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7 Tips for Helping Seniors at the Doctor: Being a Health Advocate

Being a health advocate for seniors helps them get better medical care

Seniors may need help talking with doctors

Figuring out how to get the best possible health care can be overwhelming.

And for many older adults, a doctor’s appointment can be a confusing blur. 

That’s why having you as their health advocate can improve your older adult’s overall health – especially if they need help keeping track of details, making sure their care is coordinated among multiple doctors, or bringing up sensitive subjects.

To help them get the best medical care from doctors, we share 7 tips for being a great health advocate for your older adult.


How to start helping with medical matters

Being a health advocate means that you’re looking out for your older adult’s best interests.

You’ll learn as you go, so don’t feel like you have to know everything about their health conditions right away.

Start by asking your older adult if they’ll allow you to help. Let them know that you want to make visits easier for them, not completely take over. 

They’ll still be the lead person when talking with the doctor, but you’ll be there to cover additional questions, take notes, or take the lead when they wish.

7 tips to help you be a great health advocate at the doctor’s office

1. Prepare for appointments ahead of time

A few weeks before your older adult’s doctor appointment, start asking them about how they’ve been feeling and if anything is bothering them. 

You’ll get better information when they’re relaxed and have time to think and talk things out rather than when they’re feeling on the spot in the doctor’s office. 

Plus, asking a few separate times over a couple of weeks might help you collect more information as they remember different things.

Write down their questions, concerns, problems, or new symptoms to help you remember important issues and details to discuss during the appointment.

2. Take notes

It’s nearly impossible to keep everything the doctor says in your head or remember months later.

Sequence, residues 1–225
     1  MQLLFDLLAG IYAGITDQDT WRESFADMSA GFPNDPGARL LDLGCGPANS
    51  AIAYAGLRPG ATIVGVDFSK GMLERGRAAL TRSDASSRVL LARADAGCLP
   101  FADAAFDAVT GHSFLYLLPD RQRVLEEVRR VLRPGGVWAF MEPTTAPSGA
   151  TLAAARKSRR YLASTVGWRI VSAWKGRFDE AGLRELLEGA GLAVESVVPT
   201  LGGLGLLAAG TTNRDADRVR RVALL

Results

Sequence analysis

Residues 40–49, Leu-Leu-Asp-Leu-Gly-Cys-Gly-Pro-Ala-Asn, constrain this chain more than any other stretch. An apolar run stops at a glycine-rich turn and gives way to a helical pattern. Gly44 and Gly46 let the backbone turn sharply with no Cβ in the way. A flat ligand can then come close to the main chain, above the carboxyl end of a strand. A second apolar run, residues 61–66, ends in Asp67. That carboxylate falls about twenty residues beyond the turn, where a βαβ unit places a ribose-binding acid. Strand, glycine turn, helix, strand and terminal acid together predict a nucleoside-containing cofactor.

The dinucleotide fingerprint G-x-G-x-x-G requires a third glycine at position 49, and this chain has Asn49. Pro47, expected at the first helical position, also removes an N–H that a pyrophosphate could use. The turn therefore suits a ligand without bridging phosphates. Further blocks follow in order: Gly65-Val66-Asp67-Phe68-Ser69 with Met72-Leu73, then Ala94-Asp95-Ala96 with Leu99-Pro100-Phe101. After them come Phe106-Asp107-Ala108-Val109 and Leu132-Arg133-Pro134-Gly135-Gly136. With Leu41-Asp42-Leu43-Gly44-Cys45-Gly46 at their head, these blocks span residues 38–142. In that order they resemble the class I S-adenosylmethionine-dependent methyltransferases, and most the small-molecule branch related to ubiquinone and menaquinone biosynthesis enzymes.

Taking notes at each appointment helps you and your older adult understand why certain decisions were made or what the doctor said.

Writing something down also helps make sure that you understood what the doctor said.

3. Make sure everyone is on the same page

When the doctor explains health conditions or answers your questions, make sure you and your older adult understand what’s being said. 

Part of a doctor’s job is to make sure you understand so you can follow their instructions. Don’t be embarrassed about asking follow-up questions until things are clear. 

For example, you might ask: What does that mean for my older adult? Can you explain that further? Why are you recommending that specific option?

Because if you don’t ask, the doctor is likely to assume that you fully understood what they said.


4. Understand treatment options and side effects

Many seniors are managing multiple chronic health conditions.

Clearly understanding their health conditions, treatment options, and medication side effects keeps them in better overall health.

Key questions you should ask about current or future treatments include:

  1. How will this benefit my older adult?

  2. What are the possible side effects?

  3. Will this affect their ability to function independently?

  4. What are the possibilities or consequences if we choose not to do this?

5. Ask for a full medication review at least once a year

Ask the doctor to do a full medication review at least once a year. 

This checks to see if all the medications are working well together, being taken at the right times and in the right combinations, and if they’re all still needed.

The fastest, easiest, and most accurate way to prepare for this is to bring the actual bottles of everything your older adult takes – prescriptions, non-prescription drugs, vitamins, and supplements. 

That lets the doctor easily see medication names, exact dosages, and prescribing doctors.

6. Bring up concerns about treatment costs

You might be surprised to hear that doctors can actually help with medical costs. 

For example, they might discount their fee, give free samples of expensive prescription medications, find a less expensive (but equally effective) treatment option, or tell you about financial assistance programs. 

But they won’t know to offer this help if you or your older adult don’t ask or express concerns about treatment costs.

7. Coordinate between the entire medical team

Many older adults see multiple doctors or specialists to manage all their health conditions. 

The problem is that these doctors don’t communicate with each other. That’s where you can help.

As the health advocate, you’ll keep track of what each doctor says, does, and prescribes. 

You can share that information with the other doctors to make sure they have the whole picture and that treatments don’t conflict with each other or cause negative drug interactions.

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By DailyCaring Editorial Team


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